• Push the "Juniper on Juniper" effort—over the last six years, Juniper has serviced its own company like a customer and this year, we're continuing to implement new technologies, specifically in security, to better understand the customer implications/benefits more broadly.
  • Security continues to be a key focus for us—we've introduced some significant policy changes and leading-edge technologies to protect our IP.

Does the conventional CIO role include responsibilities it should not hold? Should the role have additional responsibilities it does not currently include? In today's day and age, there is no "conventional" CIO. It all depends on the company. Some organisations today don't even have a CIO. You could eliminate the role and the world would not stop. But the fact is, somebody must be responsible for the networks, the data centres, end user support, the laptops, the telephone systems and everything within IT.

Some companies have started to call that individual a chief innovation officer or chief digital officer. Even so, they're still examining and refining their respective organisation's approach to the cloud, security and more. No matter the title, these functions must be taken care of and the CIO, or other similar roles, must be responsible for them.

And to be honest, the job hasn't changed much over the past decade. Sure, we use different terminology, different technology and new ways to deliver services, but it's always been about data centres, networks, applications, security, data management and user support, and all of those things that are still a part of my job today. We're still doing the same old stuff, just in a different way.

Are you leading a digital transformation? If so, does it emphasize customer experience and revenue growth or operational efficiency? If both, how do you balance the two? To be honest, ‘digital transformation' is a confusing phrase for me. IT has always been about digital transformation—another example of new terms we use. Having said that, IT at Juniper is very heavily involved in a number of transformation efforts—from enabling new business models, to advanced analytics. Most of our projects are customer-focused, of course, but we have several projects in finance and accounting—including robotic process automation—which are driving real process improvements.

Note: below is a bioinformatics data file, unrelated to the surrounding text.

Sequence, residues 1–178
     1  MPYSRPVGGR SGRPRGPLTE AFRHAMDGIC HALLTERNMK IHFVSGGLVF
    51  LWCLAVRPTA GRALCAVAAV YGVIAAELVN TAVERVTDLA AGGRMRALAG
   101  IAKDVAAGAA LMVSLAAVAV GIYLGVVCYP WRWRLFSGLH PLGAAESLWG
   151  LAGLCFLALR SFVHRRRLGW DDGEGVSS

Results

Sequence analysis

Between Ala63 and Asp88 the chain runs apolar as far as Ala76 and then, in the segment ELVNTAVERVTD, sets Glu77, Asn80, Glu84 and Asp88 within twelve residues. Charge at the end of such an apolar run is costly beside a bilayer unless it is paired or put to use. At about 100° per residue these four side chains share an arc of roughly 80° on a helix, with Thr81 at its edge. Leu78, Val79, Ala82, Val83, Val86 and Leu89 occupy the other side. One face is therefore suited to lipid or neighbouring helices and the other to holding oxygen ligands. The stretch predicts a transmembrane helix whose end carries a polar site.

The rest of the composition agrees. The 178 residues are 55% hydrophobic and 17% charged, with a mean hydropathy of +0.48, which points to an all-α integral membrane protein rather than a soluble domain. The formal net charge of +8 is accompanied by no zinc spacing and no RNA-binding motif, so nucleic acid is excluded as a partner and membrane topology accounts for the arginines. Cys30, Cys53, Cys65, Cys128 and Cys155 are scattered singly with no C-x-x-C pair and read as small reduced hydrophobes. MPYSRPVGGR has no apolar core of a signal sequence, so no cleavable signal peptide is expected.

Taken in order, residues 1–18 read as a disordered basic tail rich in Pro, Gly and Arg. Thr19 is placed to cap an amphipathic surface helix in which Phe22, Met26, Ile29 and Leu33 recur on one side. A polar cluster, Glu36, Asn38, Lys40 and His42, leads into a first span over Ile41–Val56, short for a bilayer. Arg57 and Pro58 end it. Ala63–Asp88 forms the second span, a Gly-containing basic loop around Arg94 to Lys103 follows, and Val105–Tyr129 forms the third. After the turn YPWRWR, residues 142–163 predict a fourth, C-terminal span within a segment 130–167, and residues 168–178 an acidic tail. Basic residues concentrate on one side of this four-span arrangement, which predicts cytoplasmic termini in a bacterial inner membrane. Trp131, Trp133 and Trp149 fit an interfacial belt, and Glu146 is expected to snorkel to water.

Describe the maturity of your digital business. For example, do you have KPIs to quantify the value of IT? Like every other IT shop, we have many metrics to measure the performance of IT, but at Juniper we measure the ‘value' of IT in less quantifiable ways. These include the timely completion of projects (on time, on budget), the new features and capabilities we introduce, the transformational business models we're enabling, the productivity of our employees, etc. While we carefully track and report on the quantifiable metrics, it's these other contributions that ultimately determine whether the business thinks we're delivering ‘value.'

What does good culture fit look like in your organisation? How do you cultivate it? At Juniper, we recently refined and simplified our company values—be bold, build trust and deliver excellence. While these values have always been at the core of our business, we simplified what we call "The Juniper Way," so our employees can easily identify and embody these beliefs across their professional and personal lives. To achieve strong culture and work environment, we all live by these values and keep top of mind that, at the end of the day, we are a company built on engineering that aims to solve the industry's hardest problems.

What roles or skills are you finding (or anticipate to be) the most difficult to fill? Security focused roles are especially difficult to fill. The security space is constantly growing and evolving, which brings more open roles and heightened competition between companies. In fact, we just released a study that found more than half of IT practitioners are unable to recruit skilled personnel to deploy critical security automation tools. The demand and experience required is necessary, but the pool is hard to find.